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Sustainable Techniques for Public School in Florida: Application of the Sustainable Urban Drainage System (SUDS)

[+] Author Affiliations
Sahar Abdulraheem, Nawari O. Nawari

University of Florida, Gainesville, FL

Paper No. ES2015-49805, pp. V002T17A007; 11 pages
  • ASME 2015 9th International Conference on Energy Sustainability collocated with the ASME 2015 Power Conference, the ASME 2015 13th International Conference on Fuel Cell Science, Engineering and Technology, and the ASME 2015 Nuclear Forum
  • Volume 2: Photovoltaics; Renewable-Non-Renewable Hybrid Power System; Smart Grid, Micro-Grid Concepts; Energy Storage; Solar Chemistry; Solar Heating and Cooling; Sustainable Cities and Communities, Transportation; Symposium on Integrated/Sustainable Building Equipment and Systems; Thermofluid Analysis of Energy Systems Including Exergy and Thermoeconomics; Wind Energy Systems and Technologies
  • San Diego, California, USA, June 28–July 2, 2015
  • Conference Sponsors: Advanced Energy Systems Division, Solar Energy Division
  • ISBN: 978-0-7918-5685-7
  • Copyright © 2015 by ASME


Floods are among the most common natural hazards in Florida. They are threatening the safety and economic welfare of Floridians. Every year Florida spends millions of dollar to mitigate direct flood damages. Amongst the effective solutions to these flood damages is the control of urban drainage in school buildings and nearby grounds to conserve and preserve natural resources and to promote sustainable thinking.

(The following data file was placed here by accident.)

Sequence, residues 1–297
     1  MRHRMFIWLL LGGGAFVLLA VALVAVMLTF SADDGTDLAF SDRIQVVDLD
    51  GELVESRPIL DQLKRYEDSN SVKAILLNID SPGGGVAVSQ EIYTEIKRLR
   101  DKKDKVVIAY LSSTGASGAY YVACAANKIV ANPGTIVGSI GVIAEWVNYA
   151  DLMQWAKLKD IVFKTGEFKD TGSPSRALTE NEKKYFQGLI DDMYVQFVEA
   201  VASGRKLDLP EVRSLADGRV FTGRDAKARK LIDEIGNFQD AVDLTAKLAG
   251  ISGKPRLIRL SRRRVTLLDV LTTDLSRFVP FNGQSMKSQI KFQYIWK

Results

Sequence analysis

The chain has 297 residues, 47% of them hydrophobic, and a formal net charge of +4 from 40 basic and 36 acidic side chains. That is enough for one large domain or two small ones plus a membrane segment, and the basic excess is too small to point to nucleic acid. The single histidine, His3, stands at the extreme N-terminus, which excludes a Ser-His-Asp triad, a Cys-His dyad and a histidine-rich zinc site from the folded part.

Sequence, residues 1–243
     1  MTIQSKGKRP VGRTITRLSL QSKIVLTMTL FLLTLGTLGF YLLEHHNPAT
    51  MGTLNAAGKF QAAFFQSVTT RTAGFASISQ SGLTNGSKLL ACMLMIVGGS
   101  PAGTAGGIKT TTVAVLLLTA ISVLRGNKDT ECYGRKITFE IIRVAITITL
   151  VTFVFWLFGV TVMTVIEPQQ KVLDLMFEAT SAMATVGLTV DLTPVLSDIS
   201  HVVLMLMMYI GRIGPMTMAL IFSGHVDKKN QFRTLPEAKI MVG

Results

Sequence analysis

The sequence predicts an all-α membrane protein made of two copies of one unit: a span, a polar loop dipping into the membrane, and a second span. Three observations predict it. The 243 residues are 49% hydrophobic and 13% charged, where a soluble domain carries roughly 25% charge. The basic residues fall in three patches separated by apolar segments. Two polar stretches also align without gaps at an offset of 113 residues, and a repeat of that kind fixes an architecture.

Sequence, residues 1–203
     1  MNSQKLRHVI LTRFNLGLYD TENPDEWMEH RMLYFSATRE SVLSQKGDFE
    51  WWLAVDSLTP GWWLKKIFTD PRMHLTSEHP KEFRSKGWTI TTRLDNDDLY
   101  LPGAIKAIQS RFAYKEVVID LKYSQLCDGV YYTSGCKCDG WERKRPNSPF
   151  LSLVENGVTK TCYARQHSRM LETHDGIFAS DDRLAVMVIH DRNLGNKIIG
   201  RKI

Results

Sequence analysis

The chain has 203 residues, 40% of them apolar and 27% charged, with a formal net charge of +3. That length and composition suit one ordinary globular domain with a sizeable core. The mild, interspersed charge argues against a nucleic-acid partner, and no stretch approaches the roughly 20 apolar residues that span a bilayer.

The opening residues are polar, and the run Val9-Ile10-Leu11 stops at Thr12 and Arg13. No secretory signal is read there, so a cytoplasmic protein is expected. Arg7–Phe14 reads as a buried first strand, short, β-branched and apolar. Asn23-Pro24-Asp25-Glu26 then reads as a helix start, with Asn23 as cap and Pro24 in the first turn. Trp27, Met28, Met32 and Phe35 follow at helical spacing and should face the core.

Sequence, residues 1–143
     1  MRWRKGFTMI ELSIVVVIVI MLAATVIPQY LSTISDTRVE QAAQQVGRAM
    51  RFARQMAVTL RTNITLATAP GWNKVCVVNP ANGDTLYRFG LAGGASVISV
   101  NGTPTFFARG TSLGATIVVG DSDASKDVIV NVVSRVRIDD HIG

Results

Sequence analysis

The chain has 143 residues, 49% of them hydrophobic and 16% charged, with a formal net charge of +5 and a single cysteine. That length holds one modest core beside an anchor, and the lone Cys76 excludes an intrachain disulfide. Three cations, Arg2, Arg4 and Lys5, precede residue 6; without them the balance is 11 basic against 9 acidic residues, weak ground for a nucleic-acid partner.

This paper discusses how public schools in Florida can benefit from sustainable techniques by applying the sustainable urban drainage system (SUDS) to school designs. The article also illustrates how Florida can use school sites as double functions to provide an active educational environment and to manage storm water runoff at the same time. Construction costs estimation for sustainable techniques is calculated based on data available for the year 2011 and compared with the conventional construction methods for schools.

The result indicates a high initial cost that can easily be offset by considering the cost of conventional drainage structure, conserved storm water, flooding impact, storm water sewage disposal, and other measures.

Copyright © 2015 by ASME



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